Wednesday, November 25, 2009

Hair-Pulling Hooliganism

If you watched the above clip, you won't be surprised to hear that Elizabeth Lambert has been in the news a little bit lately. This happened two weeks ago now, and so has just about blown over. It was big enough to make it beyond the sports world, though, showing up on The Today Show, among other "news" outlets. The most interesting aspect of the event, to me, is Ms. Lambert's apology. After taking full responsibility for letting her "emotions get the best of" her, Lambert went on to claim that "this is in no way indicative of [her] character or the soccer player that [she is]."

She has, in consecutive sentences it seems, attempted to take responsibility AND to shirk it! Tony Kornheiser, a sportswriter from my childhood in Washington, DC, and a co-host of Pardon the Interruption, a sports-talk show on ESPN, wasn't buying Lambert's claim for even a minute. "Not who she is!?" he exclaimed. "It's EXACTLY who she is. It's just not who she wants to be!" Hallelujah! This is an insight that we've discussed before as it relates to David Hasselhoff, Mel Gibson, Michael Richards and others. Are the racist/violent/abusive acts they commit when they're "out of control" indicative of who they are, or not? As others have quoted before me, the Biblical argument seems to be that "the heart is deceitful above all things, and desperately sick; who can understand it?" (Jeremiah 17:9), and that, therefore, the "out of control" us is the REAL us, and the sanitized, ready-for-public-consumption us is the cover-up.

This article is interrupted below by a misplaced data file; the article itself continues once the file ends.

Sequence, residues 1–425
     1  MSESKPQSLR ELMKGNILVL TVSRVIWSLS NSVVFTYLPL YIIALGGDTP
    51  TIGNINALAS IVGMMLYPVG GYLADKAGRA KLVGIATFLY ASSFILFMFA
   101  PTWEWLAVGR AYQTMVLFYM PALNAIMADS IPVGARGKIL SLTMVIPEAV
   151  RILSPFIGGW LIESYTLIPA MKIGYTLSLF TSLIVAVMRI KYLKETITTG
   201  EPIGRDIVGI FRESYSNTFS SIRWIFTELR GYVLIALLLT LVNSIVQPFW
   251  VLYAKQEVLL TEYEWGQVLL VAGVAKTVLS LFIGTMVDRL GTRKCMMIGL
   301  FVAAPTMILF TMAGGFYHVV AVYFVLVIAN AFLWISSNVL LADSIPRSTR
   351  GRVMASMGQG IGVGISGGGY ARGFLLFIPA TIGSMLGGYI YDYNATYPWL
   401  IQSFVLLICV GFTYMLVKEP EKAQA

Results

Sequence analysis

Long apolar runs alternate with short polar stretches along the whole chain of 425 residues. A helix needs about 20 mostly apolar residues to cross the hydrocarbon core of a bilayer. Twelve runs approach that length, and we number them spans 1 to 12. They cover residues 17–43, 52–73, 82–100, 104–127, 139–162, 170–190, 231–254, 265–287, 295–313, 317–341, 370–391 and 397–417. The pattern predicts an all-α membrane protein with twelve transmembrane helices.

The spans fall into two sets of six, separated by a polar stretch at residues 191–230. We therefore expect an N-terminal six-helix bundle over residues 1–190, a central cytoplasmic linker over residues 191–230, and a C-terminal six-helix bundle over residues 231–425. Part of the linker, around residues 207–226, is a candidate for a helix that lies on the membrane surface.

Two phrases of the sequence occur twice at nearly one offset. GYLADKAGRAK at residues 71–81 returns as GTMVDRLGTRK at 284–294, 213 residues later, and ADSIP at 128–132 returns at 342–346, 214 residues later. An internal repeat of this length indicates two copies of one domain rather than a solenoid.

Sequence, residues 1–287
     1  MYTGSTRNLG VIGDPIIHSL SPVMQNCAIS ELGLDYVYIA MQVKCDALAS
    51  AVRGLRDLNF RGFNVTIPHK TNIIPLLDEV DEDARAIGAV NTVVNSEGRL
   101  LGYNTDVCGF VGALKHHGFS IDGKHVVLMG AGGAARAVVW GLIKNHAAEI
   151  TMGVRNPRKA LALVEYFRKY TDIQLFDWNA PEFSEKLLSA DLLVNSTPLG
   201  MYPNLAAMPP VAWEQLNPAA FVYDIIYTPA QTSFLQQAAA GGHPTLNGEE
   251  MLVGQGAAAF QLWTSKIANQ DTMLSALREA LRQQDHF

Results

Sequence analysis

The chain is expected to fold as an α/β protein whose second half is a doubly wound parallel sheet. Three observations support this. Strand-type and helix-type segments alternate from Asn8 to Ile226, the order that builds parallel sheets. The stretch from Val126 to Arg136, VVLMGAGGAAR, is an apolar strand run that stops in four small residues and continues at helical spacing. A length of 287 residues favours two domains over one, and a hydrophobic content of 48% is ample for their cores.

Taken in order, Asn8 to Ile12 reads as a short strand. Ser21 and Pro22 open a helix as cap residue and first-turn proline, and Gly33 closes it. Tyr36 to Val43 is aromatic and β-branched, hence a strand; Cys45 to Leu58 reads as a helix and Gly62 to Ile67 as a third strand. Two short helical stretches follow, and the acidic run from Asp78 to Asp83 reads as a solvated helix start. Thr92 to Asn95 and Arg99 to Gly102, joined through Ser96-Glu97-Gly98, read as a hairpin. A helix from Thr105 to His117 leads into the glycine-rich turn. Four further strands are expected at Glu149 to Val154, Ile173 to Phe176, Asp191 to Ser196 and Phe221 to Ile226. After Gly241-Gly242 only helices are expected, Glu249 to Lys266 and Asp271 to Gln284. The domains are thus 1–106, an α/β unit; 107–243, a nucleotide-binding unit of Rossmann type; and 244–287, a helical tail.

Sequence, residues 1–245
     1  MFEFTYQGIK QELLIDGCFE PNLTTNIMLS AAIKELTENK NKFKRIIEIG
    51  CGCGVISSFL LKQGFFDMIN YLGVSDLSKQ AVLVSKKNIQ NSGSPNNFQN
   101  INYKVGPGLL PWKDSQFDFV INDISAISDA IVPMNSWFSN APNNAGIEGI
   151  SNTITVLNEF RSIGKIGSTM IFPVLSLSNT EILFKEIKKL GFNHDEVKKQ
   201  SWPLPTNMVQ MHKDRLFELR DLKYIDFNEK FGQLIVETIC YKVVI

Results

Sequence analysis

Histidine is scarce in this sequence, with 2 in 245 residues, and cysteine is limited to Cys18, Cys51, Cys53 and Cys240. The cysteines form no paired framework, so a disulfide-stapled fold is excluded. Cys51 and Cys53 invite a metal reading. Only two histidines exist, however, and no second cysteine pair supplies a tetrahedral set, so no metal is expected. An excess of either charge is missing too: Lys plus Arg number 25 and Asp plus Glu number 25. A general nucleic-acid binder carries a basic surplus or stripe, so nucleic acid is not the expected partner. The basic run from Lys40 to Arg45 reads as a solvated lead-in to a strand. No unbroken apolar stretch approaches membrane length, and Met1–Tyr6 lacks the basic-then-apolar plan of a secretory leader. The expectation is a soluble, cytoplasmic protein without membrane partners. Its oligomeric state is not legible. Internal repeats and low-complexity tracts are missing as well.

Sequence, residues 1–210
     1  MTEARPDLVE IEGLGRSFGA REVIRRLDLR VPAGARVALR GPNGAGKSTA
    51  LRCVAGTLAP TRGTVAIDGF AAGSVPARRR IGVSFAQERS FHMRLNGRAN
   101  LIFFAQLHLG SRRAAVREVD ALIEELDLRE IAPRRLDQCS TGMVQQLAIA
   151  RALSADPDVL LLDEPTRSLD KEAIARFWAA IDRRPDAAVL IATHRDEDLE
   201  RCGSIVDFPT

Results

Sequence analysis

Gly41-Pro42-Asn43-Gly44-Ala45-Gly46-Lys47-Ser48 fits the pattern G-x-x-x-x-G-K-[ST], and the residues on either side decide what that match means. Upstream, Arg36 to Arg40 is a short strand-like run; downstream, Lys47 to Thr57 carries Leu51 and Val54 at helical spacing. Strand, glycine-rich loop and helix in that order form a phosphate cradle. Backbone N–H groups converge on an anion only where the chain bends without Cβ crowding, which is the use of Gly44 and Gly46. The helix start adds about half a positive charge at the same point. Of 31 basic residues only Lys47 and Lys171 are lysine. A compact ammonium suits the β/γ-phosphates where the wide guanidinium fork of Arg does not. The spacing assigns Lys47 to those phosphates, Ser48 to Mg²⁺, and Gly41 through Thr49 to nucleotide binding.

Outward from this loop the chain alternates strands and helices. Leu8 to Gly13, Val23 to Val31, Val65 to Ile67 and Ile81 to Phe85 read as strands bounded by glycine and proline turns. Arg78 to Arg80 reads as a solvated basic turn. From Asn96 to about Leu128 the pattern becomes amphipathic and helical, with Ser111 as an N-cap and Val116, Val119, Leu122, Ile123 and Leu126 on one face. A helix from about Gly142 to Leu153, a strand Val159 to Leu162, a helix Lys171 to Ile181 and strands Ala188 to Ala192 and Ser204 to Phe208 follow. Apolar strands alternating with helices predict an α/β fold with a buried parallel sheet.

1. {If this were a man, would it even be news?}
    i am def sick in heart. aren't most of us constantly fighting back the urge to punch people and unleash a fury of expletives? no - just me? and thanks jesus, for pointing out that just because i don't actually punch everyone i'm still guilty cause it's in my head & heart.
    isn't it a blessing we don't get what we deserve.

  2. Dana - Lambert actually brought this up. She claimed that it wouldn't have been such a story if she had been a man. I think she's probably right. But if it's sexism, it's that we wrongly assume a calm and patience in women that's no more present than it is in men. We expect men to be brutish.


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